from Follow the Money

How quickly the world changes

December 20, 2007

Blog Post
Blog posts represent the views of CFR fellows and staff and not those of CFR, which takes no institutional positions.

More on:


My guess is that when Hank Paulson went to Washington, he hoped to be the one who would really open up China’s largely closed domestic financial market to investment from private US financial firms.   Paulson always seemed more passionate about financial liberalization than exchange rate appreciation.  It now seems more likely that by the end of Paulson's tenure as Treasury Secretary, China’s government will have increased the scale of its minority stakes in large US banks and broker dealers while private US firms will still not have majority stakes in large Chinese banks.    

Beijing needs places to invest, not more inflows.  Chinese banks do not need another round of cash from Goldman or anyone else, and wouldn’t sell at anything like the same price.   The Chinese state banks -- and as well as their ultimate owner, the CIC – all have plenty of cash to invest in troubled US banks.   They are exceptionally liquid.

The Bush Administration has clearly opted to focus on the need to keep the US market open to foreign investment of all kinds, including investment from large government funds -- not on the risks of "state control" and the associated challenge to the logic of market capitalism.    That opens up space for China's government and large Chinese state banks to buy into the US financial system. 

Naked Capitalism (happy blog birthday!) has an interesting discussion of the trade that got Morgan Stanley into trouble.  I am not sure I fully understand the details (“long $14B super senior, short $2B mezz “), but it seems like Morgan effectively held seven times as many higher-quality mortgage backed securities (super-senior tranches of CDOs constructed from mortgage backed securities) as it had sold short lower-quality securities (mezzanine tranches of similar CDOs), with the bigger position in the higher quality securities offsetting the interest cost of shorting the lower quality securities.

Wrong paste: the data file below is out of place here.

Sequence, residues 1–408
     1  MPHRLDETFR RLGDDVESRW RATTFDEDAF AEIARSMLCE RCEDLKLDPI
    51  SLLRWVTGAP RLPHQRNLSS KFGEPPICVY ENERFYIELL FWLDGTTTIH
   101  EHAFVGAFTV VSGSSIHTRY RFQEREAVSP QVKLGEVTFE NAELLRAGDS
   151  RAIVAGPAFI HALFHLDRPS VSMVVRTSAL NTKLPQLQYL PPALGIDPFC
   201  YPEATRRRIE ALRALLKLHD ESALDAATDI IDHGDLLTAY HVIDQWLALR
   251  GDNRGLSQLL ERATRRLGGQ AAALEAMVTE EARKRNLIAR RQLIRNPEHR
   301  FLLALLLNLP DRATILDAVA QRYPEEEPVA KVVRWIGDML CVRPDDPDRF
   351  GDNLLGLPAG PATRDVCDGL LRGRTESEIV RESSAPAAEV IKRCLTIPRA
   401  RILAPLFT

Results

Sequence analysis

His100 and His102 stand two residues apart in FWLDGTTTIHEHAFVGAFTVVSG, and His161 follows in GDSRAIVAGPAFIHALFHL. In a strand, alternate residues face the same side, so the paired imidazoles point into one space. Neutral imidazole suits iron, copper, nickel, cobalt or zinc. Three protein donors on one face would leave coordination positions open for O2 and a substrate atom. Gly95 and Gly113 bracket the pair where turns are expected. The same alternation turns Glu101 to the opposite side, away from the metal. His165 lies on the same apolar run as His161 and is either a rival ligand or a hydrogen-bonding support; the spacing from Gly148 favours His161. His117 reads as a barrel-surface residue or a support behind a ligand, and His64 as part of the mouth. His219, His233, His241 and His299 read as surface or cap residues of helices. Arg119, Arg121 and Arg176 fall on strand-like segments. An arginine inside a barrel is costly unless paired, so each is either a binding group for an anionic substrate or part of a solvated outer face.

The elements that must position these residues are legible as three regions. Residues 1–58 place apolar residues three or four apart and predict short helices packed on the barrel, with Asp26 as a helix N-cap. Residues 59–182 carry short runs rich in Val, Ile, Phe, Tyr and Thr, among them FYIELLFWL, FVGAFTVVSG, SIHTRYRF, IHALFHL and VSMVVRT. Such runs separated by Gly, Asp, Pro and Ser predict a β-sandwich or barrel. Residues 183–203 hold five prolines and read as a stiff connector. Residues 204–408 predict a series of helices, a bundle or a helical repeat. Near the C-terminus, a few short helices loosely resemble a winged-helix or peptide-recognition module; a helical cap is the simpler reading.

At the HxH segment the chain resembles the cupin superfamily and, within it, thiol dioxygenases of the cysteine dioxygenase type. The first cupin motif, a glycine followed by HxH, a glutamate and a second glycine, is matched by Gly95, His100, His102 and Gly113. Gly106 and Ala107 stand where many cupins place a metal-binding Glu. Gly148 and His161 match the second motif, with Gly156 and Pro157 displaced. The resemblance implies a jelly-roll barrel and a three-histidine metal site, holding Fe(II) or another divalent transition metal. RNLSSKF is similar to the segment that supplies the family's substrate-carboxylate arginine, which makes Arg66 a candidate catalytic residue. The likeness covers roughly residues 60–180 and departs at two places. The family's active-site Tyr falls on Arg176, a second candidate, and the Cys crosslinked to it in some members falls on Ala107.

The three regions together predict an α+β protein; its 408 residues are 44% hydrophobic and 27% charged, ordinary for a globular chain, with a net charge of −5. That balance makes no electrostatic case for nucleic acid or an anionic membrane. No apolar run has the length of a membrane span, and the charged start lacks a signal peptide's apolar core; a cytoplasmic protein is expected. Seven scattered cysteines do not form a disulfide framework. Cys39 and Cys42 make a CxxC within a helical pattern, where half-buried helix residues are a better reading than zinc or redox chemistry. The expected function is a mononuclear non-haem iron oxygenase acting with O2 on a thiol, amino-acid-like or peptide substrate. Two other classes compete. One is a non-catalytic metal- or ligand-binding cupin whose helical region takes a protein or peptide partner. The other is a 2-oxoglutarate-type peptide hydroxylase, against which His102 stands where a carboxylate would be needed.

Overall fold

If you cut through the correlation analysis -- from the comments at Naked Capitalism: “I heard that they had a correlation delta neutral position of Longer super senior/short junior mezz which would tally with the 14long/2short position you report. Sadly for them in a crisis correlation tends to 1 and they were long correlation on the 2/short on the 14" --  it seems like Morgan Stanley bet that the subprime crisis would be bad (making it worthwhile to be short the lower-quality stuff) but not too bad (in which case the long position on the higher quality stuff would bite).    


Better call China.  

It is a little ironic that some of the banks who were advising US companies that they had too much equity, too much cash and too little debt on their balance sheets for a low volatility world turned out to have too little equity, too little cash and too much debt on their own balance sheets to manage a bit of volatility in the housing market.  


UPDATE:   Maybe I should have said, better call China, the Gulf or Singapore.   It looks like Singapore's Temasek may take a stake in Merrill.   Pretty soon every major sovereign fund will have its own in house bank or broker dealer.   THow quickly the world changes.  In 1997, the US government helped bail out out cash strapped Asian economies; in 2007, Asian government investment funds seem intent on helping to bail out cash strapped American banks and broker-dealers.

More on: